NY-21 Democratic congressional candidate Dylan Ratigan talked about North Country jobs on MSNBC's Ari Melber Show this week.
"NY-21 historically has twice the unemployment of the national average," Ratigan of Saranac Lake told Melber in an interview about Ratigan deciding to run for Congress. "(We need) good jobs in the district that allow people like me, who grew up in that district, the opportunity to not have to leave in order to find that opportunity."
Ratigan is a former news anchor and commentator for CNBC and MSNBC, and former executive at Bloomberg News.
In 2012, Ratigan "invested his life savings and founded a company that designs modern farming kits to assist military veterans in operating small farms," according to his campaign site.
According to Ratigan, the changes to the tax law, spurred him to declare his candidacy in hopes of unseating U.S. Rep. Elise Stefanik, R-Willsboro.
When Ratigan announced his candidacy in February, he joined a pool of nine other Democratic candidates and Republican Russ Finley.
But since that time, two Democratic challengers dropped out of the race, leaving eight vying for a spot on the Democratic primary ballot.
"I am running to confront the political corruption that has created a system of government that doesn't work for the American people," Ratigan said to Melber.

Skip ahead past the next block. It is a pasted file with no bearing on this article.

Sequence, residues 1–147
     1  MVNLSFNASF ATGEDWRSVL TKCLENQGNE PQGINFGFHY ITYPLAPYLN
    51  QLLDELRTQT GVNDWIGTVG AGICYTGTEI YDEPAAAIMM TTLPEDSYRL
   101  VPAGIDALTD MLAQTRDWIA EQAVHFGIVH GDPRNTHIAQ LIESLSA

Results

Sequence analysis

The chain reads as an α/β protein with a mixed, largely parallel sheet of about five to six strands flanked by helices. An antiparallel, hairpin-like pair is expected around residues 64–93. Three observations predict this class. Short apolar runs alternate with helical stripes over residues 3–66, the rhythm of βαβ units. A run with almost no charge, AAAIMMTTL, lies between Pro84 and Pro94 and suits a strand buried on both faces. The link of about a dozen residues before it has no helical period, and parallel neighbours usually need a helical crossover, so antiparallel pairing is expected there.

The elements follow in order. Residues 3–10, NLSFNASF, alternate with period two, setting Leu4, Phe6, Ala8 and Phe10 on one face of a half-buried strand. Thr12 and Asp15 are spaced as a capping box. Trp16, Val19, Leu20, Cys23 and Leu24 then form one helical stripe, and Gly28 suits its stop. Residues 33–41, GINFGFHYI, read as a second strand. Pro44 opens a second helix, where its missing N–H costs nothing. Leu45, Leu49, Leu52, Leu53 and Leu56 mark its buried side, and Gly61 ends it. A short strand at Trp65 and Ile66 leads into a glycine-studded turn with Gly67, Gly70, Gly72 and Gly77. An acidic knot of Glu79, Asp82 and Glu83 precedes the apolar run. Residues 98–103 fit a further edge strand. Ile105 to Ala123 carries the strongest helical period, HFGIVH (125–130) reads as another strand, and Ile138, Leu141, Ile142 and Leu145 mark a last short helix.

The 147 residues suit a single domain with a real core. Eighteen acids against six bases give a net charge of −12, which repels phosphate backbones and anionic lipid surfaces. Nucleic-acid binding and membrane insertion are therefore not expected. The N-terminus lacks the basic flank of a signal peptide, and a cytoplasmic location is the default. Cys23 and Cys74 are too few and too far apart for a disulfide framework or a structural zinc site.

After Melber asked about Stefanik's vote against the tax bill, Ratigan retorted, "How many jobs has she created?"
"My number one problem with Rep. Stefanik is she is a career politician and she's part of the system," he said. "And she has not done anything to confront that system and create jobs in the district."
In response to Ratigan's MSNBC interview, Democratic congressional candidate Emily Martz, also of Saranac Lake, said, "We don’t often make national news coverage because we don’t often seek it — it’s not in our nature."
"So when I see the 21st District in the national spotlight, I’m skeptical, wondering whether they’ll get our story right. If there’s one thing I want MSNBC’s viewership to know about New York’s 21st Congressional District, it’s that we want good lives for our children, we want to earn a fair wage, keep our families safe, and we want to be respected, just like you," Martz said. "Achieving these things in the North County is different, and we would like to be represented by someone who has lived that difference and who has fought for progress despite the challenges."
"We’ve reached out to MSNBC for an invitation and have been dismissed. Invite me on the air, or don’t; it doesn’t matter. What matters is the lives of my friends, neighbors, and fellow North Country Americans, and that’s who I’ll keep working for."